A JPMorgan Chase unit will pay $650,000 to resolve charges that it submitted inaccurate reports about positions held by some of its large clients.» Read More
Bank of America's second-quarter earnings outlook just got a lot worse thanks to a potentially huge litigation bill, according to analyst Dick Bove.
Some of Friday's midday movers: Ford, Microsoft, Visa and more
It's one of Wall Street's favorite aphorisms: "sell in May and go away." But is there any reason behind the rhyme?
Happy Friday, as we continue to try to push the Morning Six-Pack to the top of the Amazon best-seller list.
This quarter's earnings have a clear trend: they either beat expectations or report in-line, which does little to help the stock.
Some of the names on the move ahead of the open.
What a week on "Squawk Box"! Bill Ackman teams up with Valeant to buy Botox-maker Allergan. Novartis' buying and selling and lil' Squawkers running the show.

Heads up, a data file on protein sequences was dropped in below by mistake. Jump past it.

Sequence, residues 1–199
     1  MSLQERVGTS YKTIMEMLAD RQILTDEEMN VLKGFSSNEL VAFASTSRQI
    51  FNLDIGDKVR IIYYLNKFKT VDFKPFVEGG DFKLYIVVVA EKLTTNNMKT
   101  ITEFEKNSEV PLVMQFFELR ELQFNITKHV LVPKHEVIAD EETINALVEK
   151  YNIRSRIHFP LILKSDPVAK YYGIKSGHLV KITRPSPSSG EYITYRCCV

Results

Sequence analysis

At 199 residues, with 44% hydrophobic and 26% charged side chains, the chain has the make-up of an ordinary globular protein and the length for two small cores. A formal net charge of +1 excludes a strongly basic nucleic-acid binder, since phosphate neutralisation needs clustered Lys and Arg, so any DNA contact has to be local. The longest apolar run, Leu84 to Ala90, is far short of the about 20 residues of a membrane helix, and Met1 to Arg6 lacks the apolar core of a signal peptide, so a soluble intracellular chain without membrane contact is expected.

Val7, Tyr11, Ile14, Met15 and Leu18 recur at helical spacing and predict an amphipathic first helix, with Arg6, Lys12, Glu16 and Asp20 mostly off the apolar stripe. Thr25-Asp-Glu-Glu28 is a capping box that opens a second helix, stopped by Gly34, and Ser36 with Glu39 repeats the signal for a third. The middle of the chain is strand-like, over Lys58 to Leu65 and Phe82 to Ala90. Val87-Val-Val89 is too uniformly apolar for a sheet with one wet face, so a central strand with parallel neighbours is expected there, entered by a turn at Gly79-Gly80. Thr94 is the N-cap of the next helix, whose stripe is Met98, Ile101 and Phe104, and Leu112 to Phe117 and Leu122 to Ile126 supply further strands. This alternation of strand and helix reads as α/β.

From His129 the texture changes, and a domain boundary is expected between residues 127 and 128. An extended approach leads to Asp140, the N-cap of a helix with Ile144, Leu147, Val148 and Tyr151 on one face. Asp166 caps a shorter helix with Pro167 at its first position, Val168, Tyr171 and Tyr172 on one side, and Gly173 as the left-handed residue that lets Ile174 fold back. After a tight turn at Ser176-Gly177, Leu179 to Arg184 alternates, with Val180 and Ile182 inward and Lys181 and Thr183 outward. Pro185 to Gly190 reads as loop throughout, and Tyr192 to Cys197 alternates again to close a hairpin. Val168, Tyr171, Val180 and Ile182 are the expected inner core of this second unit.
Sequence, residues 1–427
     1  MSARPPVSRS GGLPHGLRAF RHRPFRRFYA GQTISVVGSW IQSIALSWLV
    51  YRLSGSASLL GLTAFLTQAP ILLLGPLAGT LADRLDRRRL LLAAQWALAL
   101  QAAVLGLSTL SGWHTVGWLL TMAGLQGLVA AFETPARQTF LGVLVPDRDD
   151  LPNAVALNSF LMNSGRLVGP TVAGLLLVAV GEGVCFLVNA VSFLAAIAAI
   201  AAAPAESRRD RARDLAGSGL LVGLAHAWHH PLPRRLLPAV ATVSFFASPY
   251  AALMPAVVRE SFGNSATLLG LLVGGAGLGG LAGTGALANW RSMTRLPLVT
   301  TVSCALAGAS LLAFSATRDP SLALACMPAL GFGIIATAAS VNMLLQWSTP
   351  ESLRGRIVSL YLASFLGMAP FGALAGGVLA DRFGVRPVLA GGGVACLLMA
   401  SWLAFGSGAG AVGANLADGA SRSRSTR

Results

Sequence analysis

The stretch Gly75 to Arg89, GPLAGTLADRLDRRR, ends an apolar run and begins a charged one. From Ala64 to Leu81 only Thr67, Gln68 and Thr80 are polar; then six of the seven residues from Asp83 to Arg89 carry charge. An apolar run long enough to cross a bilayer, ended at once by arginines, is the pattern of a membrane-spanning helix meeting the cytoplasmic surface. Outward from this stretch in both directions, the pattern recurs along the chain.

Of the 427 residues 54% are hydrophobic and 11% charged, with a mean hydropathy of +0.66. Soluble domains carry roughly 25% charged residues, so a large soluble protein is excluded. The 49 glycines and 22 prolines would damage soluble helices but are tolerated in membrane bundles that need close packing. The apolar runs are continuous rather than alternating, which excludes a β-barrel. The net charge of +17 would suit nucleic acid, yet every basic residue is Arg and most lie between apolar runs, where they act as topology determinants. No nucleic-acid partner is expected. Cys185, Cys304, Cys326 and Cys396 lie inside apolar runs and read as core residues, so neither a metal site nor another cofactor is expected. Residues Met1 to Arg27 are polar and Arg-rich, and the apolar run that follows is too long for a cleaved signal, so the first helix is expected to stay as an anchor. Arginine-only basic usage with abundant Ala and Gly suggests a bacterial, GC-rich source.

John Paulson believes the island will become the Singapore of the Caribbean.
As earnings season reaches the halfway mark, the focus is on whether profit growth is good enough to keep the market moving higher.
Private equity firm KKR plans to allow investors to sell parts of their stake in buyout funds through a new private market run by Nasdaq.
I think the short-term pullback in the stock market is over, says Ron Insana. Here's why.
You'd think we'd get a pretty good lift from Apple and Facebook earnings as well as talk of more M&A activity, but it all faded.
Check out which companies are making headlines after the bell Thursday.
For years, Wall Street pros have been bemoaning the exodus of mom-and-pop investors. Recent data suggest the trend might be changing.
Some analysts say the market may be quietly sniffing out a higher rate of inflation.
Some of Thursday's midday movers:
A new survey shows that many on Wall Street agree with Michael Lewis that U.S. equity markets aren't fair.
Ian Harnett, a European analyst at Absolute Strategy Research, believes stocks will rally another 20 percent in 2014.
Investors liked what they saw in Facebook and Apple, but Wall Street fell after a slew of earnings and data couldn't sustain the bounce.
Michael Yoshikami is no Apple fanboy but he thinks the company's innovation pipeline did not die with Steve Jobs and it's ridiculous to say otherwise.
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